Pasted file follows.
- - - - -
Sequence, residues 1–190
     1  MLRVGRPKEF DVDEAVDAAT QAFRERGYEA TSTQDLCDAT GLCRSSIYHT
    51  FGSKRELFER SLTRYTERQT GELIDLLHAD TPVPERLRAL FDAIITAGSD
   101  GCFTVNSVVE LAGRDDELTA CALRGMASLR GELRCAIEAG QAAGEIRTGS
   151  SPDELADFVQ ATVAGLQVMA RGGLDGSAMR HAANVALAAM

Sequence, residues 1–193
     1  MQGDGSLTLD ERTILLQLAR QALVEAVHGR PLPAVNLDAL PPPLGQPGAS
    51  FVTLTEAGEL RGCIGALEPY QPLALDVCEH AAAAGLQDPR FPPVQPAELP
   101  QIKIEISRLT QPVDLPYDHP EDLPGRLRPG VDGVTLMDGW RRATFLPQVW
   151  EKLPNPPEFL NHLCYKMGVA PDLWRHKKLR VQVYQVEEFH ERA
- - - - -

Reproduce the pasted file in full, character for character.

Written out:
Sequence, residues 1–190
     1  MLRVGRPKEF DVDEAVDAAT QAFRERGYEA TSTQDLCDAT GLCRSSIYHT
    51  FGSKRELFER SLTRYTERQT GELIDLLHAD TPVPERLRAL FDAIITAGSD
   101  GCFTVNSVVE LAGRDDELTA CALRGMASLR GELRCAIEAG QAAGEIRTGS
   151  SPDELADFVQ ATVAGLQVMA RGGLDGSAMR HAANVALAAM

Sequence, residues 1–193
     1  MQGDGSLTLD ERTILLQLAR QALVEAVHGR PLPAVNLDAL PPPLGQPGAS
    51  FVTLTEAGEL RGCIGALEPY QPLALDVCEH AAAAGLQDPR FPPVQPAELP
   101  QIKIEISRLT QPVDLPYDHP EDLPGRLRPG VDGVTLMDGW RRATFLPQVW
   151  EKLPNPPEFL NHLCYKMGVA PDLWRHKKLR VQVYQVEEFH ERA